jcooper at acs6.acs.ucalgary.ca (jason cooper) writes:
>It's advantageous for *you* to live a long time, but is it
>advantageous to the species? I would guess that it is, at best,
>neutral, and at worst very detrimental.
This would make it very hard to understand the widespread success of
trees, most of which live for decades or centuries after first
reproduction. Almost nothing is always advantageous or always
disadvantageous; it depends on circumstances. I suspect trees profit
from long lifespans because the survival of very young trees is so iffy;
one bad winter or forest fire can wipe out all the young individuals.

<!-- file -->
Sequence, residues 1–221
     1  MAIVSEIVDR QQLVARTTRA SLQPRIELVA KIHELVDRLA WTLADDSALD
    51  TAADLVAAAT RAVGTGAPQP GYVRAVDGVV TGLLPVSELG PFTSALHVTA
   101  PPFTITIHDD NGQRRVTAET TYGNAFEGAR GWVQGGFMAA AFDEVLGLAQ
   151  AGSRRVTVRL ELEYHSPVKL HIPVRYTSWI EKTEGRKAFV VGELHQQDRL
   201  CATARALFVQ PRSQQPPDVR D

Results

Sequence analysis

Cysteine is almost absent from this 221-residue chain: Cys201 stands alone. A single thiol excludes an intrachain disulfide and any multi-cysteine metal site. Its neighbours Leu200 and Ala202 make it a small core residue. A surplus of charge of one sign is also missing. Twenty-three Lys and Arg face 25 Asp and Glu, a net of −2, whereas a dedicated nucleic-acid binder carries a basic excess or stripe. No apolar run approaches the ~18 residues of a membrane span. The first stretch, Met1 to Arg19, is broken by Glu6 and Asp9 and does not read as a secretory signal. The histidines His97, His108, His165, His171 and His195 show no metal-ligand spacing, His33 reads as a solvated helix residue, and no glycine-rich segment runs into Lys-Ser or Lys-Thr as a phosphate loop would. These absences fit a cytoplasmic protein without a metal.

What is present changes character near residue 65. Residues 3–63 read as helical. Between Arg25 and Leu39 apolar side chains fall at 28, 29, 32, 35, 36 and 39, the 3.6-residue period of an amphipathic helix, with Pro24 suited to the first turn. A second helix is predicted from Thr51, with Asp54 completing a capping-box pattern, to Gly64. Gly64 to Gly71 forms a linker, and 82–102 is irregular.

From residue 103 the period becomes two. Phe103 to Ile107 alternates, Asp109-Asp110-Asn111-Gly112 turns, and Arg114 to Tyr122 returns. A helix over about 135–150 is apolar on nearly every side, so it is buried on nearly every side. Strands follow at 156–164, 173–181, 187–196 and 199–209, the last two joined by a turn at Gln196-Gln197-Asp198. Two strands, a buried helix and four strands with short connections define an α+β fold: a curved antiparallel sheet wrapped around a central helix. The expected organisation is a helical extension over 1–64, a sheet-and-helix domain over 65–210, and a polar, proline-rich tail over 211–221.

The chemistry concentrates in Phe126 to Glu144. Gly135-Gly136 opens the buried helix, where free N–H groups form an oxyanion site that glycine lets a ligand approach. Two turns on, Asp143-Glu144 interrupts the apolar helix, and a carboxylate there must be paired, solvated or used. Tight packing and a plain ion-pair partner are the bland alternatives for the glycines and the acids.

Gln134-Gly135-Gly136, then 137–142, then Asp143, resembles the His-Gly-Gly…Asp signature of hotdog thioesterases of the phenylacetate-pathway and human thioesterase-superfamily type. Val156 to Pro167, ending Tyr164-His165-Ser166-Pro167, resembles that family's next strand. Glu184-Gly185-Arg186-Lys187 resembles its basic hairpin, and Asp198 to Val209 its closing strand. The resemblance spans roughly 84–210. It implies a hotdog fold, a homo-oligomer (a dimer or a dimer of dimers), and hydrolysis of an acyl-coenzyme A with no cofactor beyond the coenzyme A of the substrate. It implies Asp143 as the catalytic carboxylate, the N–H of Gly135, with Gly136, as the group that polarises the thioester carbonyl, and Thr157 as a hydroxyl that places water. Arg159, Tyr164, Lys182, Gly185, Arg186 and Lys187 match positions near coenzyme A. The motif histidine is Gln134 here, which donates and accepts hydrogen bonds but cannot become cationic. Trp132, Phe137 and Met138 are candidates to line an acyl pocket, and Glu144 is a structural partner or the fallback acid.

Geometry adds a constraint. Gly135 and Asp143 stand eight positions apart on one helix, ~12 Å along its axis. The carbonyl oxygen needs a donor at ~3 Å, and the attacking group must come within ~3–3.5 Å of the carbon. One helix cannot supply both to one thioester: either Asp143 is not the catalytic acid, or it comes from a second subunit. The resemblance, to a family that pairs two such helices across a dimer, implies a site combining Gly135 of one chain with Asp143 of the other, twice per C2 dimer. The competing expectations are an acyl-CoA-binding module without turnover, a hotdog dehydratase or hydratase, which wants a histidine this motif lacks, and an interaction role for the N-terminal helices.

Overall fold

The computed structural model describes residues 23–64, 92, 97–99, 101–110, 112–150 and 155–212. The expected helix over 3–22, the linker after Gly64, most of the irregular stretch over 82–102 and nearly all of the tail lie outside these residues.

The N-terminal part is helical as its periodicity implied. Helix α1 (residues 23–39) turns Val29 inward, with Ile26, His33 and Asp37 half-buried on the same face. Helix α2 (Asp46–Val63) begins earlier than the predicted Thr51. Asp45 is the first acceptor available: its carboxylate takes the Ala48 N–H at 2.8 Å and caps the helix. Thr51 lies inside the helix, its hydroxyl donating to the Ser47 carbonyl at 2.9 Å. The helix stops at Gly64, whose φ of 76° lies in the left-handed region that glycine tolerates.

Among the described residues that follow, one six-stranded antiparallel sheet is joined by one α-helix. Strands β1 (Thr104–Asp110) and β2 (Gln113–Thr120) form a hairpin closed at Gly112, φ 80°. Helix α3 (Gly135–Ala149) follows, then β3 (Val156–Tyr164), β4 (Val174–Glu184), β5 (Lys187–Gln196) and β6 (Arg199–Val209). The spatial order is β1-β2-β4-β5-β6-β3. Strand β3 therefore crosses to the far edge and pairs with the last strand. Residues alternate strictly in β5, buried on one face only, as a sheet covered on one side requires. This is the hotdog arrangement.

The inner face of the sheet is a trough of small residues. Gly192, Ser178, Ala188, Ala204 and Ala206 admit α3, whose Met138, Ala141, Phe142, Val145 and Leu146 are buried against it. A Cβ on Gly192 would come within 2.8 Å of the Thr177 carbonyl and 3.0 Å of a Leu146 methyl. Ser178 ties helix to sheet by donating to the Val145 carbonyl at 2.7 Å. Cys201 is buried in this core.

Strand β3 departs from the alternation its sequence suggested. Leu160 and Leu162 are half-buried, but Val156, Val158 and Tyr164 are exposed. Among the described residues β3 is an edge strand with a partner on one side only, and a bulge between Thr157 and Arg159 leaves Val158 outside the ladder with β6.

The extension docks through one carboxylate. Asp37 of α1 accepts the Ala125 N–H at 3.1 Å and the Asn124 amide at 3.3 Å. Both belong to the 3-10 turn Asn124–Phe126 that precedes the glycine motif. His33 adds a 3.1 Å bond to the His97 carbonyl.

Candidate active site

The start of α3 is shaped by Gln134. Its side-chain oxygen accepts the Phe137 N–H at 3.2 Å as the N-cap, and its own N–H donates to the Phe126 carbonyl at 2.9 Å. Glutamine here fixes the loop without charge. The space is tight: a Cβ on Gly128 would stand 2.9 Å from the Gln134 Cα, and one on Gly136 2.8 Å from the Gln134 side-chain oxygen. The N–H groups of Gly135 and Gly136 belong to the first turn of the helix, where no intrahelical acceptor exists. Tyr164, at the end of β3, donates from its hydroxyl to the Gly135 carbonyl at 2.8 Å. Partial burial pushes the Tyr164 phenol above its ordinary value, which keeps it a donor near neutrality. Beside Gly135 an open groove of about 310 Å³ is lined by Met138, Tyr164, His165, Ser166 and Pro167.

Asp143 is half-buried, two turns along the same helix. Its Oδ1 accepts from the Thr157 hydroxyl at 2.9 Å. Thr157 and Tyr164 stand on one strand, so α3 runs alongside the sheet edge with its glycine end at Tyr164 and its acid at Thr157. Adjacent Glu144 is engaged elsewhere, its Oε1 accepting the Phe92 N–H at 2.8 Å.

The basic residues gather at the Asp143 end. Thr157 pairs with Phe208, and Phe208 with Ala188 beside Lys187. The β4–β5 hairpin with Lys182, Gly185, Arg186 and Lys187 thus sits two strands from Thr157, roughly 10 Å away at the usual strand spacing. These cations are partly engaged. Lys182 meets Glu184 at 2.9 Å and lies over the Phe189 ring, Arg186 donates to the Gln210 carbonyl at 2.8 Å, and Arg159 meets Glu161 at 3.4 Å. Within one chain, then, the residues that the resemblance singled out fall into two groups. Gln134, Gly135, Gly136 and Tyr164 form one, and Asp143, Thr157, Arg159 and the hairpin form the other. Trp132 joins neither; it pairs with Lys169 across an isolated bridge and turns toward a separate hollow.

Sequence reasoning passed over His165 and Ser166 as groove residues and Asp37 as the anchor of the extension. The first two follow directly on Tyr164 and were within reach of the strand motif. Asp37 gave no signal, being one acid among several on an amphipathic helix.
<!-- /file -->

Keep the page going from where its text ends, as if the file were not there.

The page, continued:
Survival of the older individuals provides a way of restocking after
such a disaster.
The organism that really puzzles me in this context is the century plant
(which I was lucky enough to see flowering once in Berkeley,
California). It lives longer than I'm likely to, and flowers *once* at
the end of its lifespan. As far as I know it doesn't propagate
vegetatively, either. What conditions make this a reasonable life
Mary Kuhner mkkuhner at genetics.washington.edu
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